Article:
Harassment is a form of employment discrimination that violates Title VII of the Civil Rights Act of 1964, the Age Discrimination in Employment Act of 1967, (ADEA), and the Americans with Disabilities Act of 1990, (ADA).Harassment is unwelcome conduct that is based on race, color, religion, sex (including pregnancy), national origin, age (40 or older), disability or genetic information.Harassment becomes unlawful where 1) enduring the offensive conduct becomes a condition of continued employment, or 2) the conduct is severe or pervasive enough to create a work environment that a reasonable person would consider intimidating, hostile, or abusive.Anti-discrimination laws also prohibit harassment against individuals in retaliation for filing a discrimination charge, testifying, or participating in any way in an investigation, proceeding, or lawsuit under these laws; or opposing employment practices that they reasonably believe discriminate against individuals, in violation of these laws. Shyness is misunderstood as aloofness all the time. As a sales professional that goes to a lot of networking events, I have been brushed more times than I can recall. As far as I am aware, I am still alive and well (and certainly more successful as a result of still going for it anyway). Like our values, the qualities that intimidate vary for everyone.
There have been employees I knew personally, who never performed that well, but still they manage to keep their jobs because they knew how to be in the boss’s good books.
In the last couple of decades, the amount of workers who admit that they have been the victim of a bully at work has been steadily growing more and more.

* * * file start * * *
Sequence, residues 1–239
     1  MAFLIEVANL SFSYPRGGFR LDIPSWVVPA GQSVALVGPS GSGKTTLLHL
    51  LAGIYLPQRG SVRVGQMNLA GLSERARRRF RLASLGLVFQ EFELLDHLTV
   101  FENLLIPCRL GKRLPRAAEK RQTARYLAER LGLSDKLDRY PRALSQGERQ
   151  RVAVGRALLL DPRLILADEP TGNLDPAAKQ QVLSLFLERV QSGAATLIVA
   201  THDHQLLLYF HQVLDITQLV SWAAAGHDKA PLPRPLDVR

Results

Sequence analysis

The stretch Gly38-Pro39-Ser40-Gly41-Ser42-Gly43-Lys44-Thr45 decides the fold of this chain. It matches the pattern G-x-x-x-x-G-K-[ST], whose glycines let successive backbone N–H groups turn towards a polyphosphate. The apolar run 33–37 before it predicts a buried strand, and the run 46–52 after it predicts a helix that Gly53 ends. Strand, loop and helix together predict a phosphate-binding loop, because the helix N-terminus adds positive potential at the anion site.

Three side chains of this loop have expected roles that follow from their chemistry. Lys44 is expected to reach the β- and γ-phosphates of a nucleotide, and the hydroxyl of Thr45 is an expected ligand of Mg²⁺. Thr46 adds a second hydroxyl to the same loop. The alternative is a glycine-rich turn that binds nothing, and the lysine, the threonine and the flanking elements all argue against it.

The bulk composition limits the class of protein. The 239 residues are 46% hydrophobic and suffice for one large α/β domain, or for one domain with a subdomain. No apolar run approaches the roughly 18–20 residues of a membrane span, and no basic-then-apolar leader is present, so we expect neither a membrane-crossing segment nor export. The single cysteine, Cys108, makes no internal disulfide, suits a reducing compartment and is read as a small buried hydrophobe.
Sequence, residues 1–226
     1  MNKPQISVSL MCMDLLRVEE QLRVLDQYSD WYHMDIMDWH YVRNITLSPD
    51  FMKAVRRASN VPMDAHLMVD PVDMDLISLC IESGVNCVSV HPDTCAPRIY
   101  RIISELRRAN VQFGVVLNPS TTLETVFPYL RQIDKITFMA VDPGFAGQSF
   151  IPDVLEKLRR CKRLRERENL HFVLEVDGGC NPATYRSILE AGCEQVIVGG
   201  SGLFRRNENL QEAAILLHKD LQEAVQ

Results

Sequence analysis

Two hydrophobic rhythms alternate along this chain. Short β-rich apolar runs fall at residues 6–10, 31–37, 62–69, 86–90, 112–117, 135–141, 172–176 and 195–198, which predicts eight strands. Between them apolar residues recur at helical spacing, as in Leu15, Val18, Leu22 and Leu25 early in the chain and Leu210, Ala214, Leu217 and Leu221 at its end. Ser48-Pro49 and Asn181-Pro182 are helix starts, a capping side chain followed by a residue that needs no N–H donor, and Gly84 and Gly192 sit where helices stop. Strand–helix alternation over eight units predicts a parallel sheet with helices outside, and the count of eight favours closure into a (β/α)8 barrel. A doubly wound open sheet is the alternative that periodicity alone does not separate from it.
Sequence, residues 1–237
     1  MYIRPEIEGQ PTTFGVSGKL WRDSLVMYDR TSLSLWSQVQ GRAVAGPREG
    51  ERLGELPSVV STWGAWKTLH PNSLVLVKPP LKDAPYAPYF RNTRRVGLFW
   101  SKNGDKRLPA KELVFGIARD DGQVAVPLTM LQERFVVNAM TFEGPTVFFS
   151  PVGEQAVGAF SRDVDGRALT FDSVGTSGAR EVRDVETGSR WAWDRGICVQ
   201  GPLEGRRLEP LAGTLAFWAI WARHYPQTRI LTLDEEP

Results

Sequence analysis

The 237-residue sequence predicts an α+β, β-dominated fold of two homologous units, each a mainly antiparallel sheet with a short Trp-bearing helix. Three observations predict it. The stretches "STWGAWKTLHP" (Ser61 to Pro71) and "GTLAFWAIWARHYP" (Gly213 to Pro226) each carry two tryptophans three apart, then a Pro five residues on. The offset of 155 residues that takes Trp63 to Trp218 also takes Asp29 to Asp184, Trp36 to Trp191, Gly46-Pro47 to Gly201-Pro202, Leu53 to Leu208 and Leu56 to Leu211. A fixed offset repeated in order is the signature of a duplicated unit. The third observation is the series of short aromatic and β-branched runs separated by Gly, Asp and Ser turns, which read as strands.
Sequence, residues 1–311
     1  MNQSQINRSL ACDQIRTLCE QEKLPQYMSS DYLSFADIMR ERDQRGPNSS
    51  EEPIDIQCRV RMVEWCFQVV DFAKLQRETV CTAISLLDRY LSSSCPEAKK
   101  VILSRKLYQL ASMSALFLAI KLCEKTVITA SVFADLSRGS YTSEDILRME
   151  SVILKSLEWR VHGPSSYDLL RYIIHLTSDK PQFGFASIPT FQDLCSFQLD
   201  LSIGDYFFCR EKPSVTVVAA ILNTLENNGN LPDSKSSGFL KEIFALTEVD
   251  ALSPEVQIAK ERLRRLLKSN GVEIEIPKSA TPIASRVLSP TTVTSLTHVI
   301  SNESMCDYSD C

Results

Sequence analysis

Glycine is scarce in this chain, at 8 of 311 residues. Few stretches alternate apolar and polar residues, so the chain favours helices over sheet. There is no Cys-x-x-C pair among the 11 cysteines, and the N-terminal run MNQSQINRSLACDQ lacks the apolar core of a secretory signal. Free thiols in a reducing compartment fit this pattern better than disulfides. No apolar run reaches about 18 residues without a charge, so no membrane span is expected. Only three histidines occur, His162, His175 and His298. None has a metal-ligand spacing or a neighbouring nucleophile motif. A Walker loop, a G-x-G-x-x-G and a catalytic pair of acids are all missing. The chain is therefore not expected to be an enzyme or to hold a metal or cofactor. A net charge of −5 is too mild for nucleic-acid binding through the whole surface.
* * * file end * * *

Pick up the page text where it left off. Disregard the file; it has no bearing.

By 2011, 50% of the people surveyed admitted to being subjected to rude behavior at a minimum of once every week which is an unprecedented increase of 25% since 1998.
Jordan Belfort, the infamous Wolf of Wall Street, said in his memoir, "I'm insecure and humble, and I embarrass easily... If I had to choose between embarrassment and death, I'd choose death. I really found this to be true on three particular, separate occasions. The third occasion was when I volunteered my number to a cute stranger at a concert in Sydney in 2007.
As a fan, something took over me and I introduced myself to him with little more than a smile, my name and some words of appreciation for his work. Kelsey stood up, asked me about myself, introduced me to his wife and thanked me sincerely from stopping by. She was very warm and chatty and shared her story with me as to how she got started in the culinary business. Most people -- including famous people -- are cool! Sometimes, if you make the first social move and say hello, you might be eradicating two people's nerves. You are giving power to your ego when you worry/overthink. Or as Arianna Huffington calls it, the "obnoxious roommate in your head...